On Wednesday Health Select Committee released the report, ‘Inquiry into improving New Zealand’s environment to support innovation through clinical trials’. Mainstream and specialist media outlets have reported on the inquiry findings, providing commentary and analysis on the committees recommendations.
As well as providing a comprehensive review and strategy for the future, the report lays out several clear targets, including: streamlining the ethical review process, promotion of intra-government collaboration, developing a national action plan to foster innovation and creating a clinical trials framework through DHBs.
The Health Select Committee advised that the recommendations be acted on within 12 months.
The report was covered by mainstream outlets and also received coverage in medical and pharmacy specialist news sources, including:
National Business Review: NZ falling behind Australia in lucrative drug-testing field
Dominion Post: Clinical trials revamp could have $250m spinoff
Pharmacy Today: Build bridges with drug Co.s, but protect Pharmac – Govt
Chair of the Health Select Committee, Dr Paul Hutchison, also wrote an opinion article for the Dominion Post, laying out the case for an overhaul of the current clinical trials system in New Zealand.
An excerpt (read in full here):
Clinical trials key to a third arm for export earnings
New Zealand has lost its advantage as a good place to do clinical trials that could deliver economic gains – and keep our best and brightest here.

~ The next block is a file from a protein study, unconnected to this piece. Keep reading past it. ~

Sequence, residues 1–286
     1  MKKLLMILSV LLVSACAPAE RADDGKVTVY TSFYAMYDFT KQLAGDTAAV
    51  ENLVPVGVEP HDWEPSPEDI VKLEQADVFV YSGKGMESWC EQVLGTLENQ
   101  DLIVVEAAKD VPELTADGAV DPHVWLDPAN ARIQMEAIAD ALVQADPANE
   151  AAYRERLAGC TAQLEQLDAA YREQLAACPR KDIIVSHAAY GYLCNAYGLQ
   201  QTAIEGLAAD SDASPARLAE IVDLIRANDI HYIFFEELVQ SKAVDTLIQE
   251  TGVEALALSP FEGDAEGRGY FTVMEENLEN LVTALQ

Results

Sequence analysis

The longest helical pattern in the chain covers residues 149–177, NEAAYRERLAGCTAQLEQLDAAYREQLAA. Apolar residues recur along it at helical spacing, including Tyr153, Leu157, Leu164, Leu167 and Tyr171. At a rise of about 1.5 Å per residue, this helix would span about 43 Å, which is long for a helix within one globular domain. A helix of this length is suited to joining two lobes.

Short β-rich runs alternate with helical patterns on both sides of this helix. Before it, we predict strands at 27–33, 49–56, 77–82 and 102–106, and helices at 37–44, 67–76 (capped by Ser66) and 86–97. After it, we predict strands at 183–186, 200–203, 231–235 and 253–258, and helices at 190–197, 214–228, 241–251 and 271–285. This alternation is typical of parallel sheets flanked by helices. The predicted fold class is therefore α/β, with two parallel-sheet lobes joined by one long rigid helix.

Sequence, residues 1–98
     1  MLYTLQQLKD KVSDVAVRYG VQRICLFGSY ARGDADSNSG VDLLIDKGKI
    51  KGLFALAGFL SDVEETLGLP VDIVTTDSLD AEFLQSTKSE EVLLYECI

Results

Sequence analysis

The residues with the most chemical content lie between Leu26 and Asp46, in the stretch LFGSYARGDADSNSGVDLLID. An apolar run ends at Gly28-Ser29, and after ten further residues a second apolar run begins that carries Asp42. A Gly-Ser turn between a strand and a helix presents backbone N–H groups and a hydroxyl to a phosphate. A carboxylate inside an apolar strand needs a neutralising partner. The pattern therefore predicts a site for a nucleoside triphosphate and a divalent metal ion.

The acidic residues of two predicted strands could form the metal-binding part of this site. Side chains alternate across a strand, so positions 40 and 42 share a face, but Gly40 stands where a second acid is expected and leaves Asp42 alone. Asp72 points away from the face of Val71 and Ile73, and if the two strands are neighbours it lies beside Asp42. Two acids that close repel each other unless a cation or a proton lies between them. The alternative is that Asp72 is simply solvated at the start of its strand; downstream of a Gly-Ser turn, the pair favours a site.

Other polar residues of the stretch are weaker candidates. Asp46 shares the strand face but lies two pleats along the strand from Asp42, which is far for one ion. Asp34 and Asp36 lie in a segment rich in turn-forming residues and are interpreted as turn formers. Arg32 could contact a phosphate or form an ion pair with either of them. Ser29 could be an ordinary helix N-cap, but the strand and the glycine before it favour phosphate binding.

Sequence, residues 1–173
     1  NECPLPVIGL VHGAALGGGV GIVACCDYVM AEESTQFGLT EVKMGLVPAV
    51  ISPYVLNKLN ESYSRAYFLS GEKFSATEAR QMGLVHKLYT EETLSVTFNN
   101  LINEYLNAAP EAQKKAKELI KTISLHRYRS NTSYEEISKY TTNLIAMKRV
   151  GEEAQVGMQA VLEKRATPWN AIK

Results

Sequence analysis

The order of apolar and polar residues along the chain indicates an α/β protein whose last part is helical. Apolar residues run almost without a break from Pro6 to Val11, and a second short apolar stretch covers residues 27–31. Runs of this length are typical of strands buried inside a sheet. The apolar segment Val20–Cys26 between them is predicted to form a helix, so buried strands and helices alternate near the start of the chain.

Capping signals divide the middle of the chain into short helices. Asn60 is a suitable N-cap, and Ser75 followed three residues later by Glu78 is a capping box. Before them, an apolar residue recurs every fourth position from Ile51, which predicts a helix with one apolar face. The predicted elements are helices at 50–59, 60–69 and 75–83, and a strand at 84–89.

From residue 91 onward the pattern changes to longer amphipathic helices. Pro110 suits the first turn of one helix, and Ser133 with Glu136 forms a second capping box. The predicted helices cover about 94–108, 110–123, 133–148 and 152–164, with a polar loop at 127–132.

Victoria University adjunct professor Shaun Holt has argued “our ethics system has become so unwieldy, it is unethical, the process has grown into a hugely complicated bureaucracy that has lost touch with its original aims”. Others have pointed out a lack of co- ordination between New Zealand’s district health boards, friction between pharmaceutical companies and Pharmac and a lack of investment in science research and development.
I believe the main elements can be put right at almost no cost, and the returns for patients, retention of staff, the health service, and the economy will be significant.
Clinical trials test the safety and efficacy of pharmaceuticals, medical devices, functional foods, bioactives and biologics. We were told that, given ideal circumstances, New Zealand could lift its revenue from trials from approximately $40 million to $300 million annually by 2020…
…Our report includes mechanisms to improve the efficiency of the ethics review process, but we agreed unequivocally that the rigour of the ethics-approved process regarding patient safety should remain paramount. We are extremely conscious of lessons learned from the Cartwright, Gisborne and Greenlane inquiries.
It is apparent there is huge untapped potential for innovation and intellectual property that comes through New Zealand’s public and private health systems.